We just got a patent on a technology that we’ve been using on our whole house fans. The use of motor aerodynamic motor mounts allows us to get an average of 17% more airflow.
If you’re reading the blog post, you probably noticed that we have a new measurement of airflow shown on our website. CFM is a common abbreviation for Cubic Feet per Minute. This is a measure of how many cubic feet of air a fan moves per minute.
The new measurement is based on our creation. The Q-CFM™.
You’ve probably also noticed that the Q-CFM™ number is about 30% higher than the official (and correct) airflow rating that we obtain through rigorous testing.
We have devised this (tongue in cheek) rating system to counter and illustrate some misleading information. One of our competitors is routinely advertising and using airflow numbers that are well over 30% higher than the official airflow rating that they submit to the California Energy Commission.
So, the Q-CFM™ is an abbreviation for Quackery Cubic Feet per Minute.
If you have any questions about how we measure and report airflow, please feel free to email or call us on the phone. We’re happy to chat.
It’s easier to fool people than to convince them that they have been fooled.
We here at AirScape have spent a lot of time and effort testing and ensuring that our products provide the airflow and the energy use that we state. Take a look at this interesting video of our test chamber.
We just heard that one of our competitors (QC Manufacturing aka Quiet Cool Fans) has entered into a settlement agreement with the California Energy Commission. The most important part of that agreement is this:
“From December 15, 2015, to July 18, 2016, QC sold or offered for sale either directly or through retailers, distributors, or installers whole house fans in California that were listed in the Database with greater air flow and air flow efficiency data than could be verified by the Commission’s testing laboratory, in violation of sections 1606(a)(3)(E)(l) and 1608”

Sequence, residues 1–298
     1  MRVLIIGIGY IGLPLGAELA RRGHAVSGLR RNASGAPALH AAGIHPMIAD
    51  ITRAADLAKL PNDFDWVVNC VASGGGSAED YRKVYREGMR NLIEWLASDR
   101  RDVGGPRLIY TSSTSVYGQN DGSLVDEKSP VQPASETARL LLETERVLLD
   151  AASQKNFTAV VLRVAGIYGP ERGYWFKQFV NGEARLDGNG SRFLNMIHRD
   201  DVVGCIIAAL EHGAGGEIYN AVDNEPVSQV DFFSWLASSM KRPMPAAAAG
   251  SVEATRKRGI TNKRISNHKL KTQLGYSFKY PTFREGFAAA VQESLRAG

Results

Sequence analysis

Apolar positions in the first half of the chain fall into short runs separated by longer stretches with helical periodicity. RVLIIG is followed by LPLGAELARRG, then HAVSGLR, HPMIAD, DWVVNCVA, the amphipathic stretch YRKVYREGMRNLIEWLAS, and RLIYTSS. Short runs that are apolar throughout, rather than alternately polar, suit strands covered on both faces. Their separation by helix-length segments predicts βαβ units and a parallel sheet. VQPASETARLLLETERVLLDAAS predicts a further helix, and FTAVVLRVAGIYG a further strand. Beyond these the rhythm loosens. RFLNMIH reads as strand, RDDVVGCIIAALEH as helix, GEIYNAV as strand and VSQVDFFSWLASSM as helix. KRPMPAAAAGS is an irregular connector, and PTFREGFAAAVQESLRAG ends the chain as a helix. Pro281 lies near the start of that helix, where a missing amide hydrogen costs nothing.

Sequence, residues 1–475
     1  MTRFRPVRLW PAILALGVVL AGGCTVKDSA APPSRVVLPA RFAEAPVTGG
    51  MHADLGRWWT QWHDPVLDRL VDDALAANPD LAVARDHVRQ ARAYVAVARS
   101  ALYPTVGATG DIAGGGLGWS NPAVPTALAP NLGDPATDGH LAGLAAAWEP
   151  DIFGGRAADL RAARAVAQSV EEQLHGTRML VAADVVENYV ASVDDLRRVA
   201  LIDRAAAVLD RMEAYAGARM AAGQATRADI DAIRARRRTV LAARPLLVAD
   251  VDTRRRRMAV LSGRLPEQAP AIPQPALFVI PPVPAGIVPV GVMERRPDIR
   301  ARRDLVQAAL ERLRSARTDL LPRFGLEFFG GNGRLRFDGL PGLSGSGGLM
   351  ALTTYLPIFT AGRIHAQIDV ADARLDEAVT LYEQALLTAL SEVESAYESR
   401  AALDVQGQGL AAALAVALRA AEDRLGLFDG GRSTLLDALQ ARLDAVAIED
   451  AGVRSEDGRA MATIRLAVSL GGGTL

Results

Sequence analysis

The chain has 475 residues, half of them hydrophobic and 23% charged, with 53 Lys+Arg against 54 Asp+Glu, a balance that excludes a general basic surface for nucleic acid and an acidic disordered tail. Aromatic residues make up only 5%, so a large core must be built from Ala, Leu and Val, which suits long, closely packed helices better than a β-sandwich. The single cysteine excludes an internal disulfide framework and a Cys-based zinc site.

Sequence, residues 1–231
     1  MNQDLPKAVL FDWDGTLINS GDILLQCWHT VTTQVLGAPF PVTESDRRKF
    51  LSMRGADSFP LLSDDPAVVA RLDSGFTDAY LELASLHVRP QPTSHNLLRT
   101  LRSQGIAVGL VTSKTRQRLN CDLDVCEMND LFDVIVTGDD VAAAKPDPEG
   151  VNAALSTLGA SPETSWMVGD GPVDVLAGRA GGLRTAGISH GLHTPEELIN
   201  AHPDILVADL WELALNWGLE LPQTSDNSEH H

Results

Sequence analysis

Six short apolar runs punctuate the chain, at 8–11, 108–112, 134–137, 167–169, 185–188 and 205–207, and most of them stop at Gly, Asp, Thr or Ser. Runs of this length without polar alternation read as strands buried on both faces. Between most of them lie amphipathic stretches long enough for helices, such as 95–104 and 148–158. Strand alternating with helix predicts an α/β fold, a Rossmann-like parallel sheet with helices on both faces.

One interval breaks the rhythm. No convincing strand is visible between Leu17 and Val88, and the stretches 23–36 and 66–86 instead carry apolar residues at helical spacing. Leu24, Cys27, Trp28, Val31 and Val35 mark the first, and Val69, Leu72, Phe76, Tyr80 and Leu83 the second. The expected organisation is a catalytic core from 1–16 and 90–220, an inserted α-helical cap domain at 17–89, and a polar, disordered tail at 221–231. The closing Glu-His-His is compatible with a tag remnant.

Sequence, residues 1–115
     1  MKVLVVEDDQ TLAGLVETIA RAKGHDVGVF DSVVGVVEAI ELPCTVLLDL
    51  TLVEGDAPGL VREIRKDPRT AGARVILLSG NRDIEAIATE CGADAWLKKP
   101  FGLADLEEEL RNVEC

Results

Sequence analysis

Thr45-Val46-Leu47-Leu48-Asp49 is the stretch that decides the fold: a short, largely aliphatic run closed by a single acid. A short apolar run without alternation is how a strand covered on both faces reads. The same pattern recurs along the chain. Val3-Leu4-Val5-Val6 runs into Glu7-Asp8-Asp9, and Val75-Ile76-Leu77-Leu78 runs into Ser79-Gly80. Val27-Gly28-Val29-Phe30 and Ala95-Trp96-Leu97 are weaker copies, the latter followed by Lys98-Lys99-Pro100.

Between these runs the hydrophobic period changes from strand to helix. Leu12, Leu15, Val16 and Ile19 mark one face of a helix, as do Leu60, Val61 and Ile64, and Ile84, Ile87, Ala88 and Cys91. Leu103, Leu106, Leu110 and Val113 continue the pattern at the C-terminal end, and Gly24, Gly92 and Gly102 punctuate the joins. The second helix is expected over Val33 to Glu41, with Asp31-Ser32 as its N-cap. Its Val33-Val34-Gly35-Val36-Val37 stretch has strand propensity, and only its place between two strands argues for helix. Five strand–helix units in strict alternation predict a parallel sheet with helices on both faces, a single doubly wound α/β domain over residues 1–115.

There are no Federal standards other than truth in advertising laws to specifically keep people in our industry honest. So we are grateful to the California Energy Commission for ensuring that customer receive what they paid for.
Thanks to our great customers and we look forward to keeping your homes cool this summer !
Here are some useful links.
You asked, we listened. The Data Monitoring Package (DMP) now has 2 new features:
2. You can now download the historical whole house fan data to your computer by clicking the DOWNLOAD icon under the temperature graphics. The data is downloaded in “CSV” format which can easily be imported into Excel or other spreadsheet programs.
Carbon Dioxide emissions are in the news again as we experience more violent weather in 2014 and a drought in the west.
We know our customers care about reducing energy consumption and the corresponding Carbon emission reduction. So when time came to upgrade our production machinery and assembly lines we made sure we choose equipment that has the lowest energy footprint possible. For example our high speed CNC punch is an AC servo motor driven turret which uses less than half the energy of a typical hydraulic machine and a 1/3 of the energy use of a machine of 15 years ago.
In addition, we made the conscious choice to supply the energy required to produce our whole house fans from renewable sources. Today, our on-site Solar PV array provides all the energy required to power our cutting and punching equipment as well as a significant portion of our assembly line.
Did you know an AirScape whole house fan could be your best energy savings investment? Read on: http://airscapefans.com/learn-about/energy-savings.php
If you’ve been reading this blog, or have recently purchase an AirScape WHF, you’re no doubt aware that all of our whole house fans come complete with a webserver. You can access and control the WHF by any browser connected to your LAN.
The missing link is that you have to connect the AirScape WHF to your LAN via an ethernet cable. Most of the time that’s the best and easiest solution. However, if you can’t get from your router to the attic, here is an inexpensive and reliable solution:
Ethernet over Power adapters use your house wiring to transmit ethernet. You simply buy a pair, plug each one into a wall outlet, then plug ethernet cables into the device.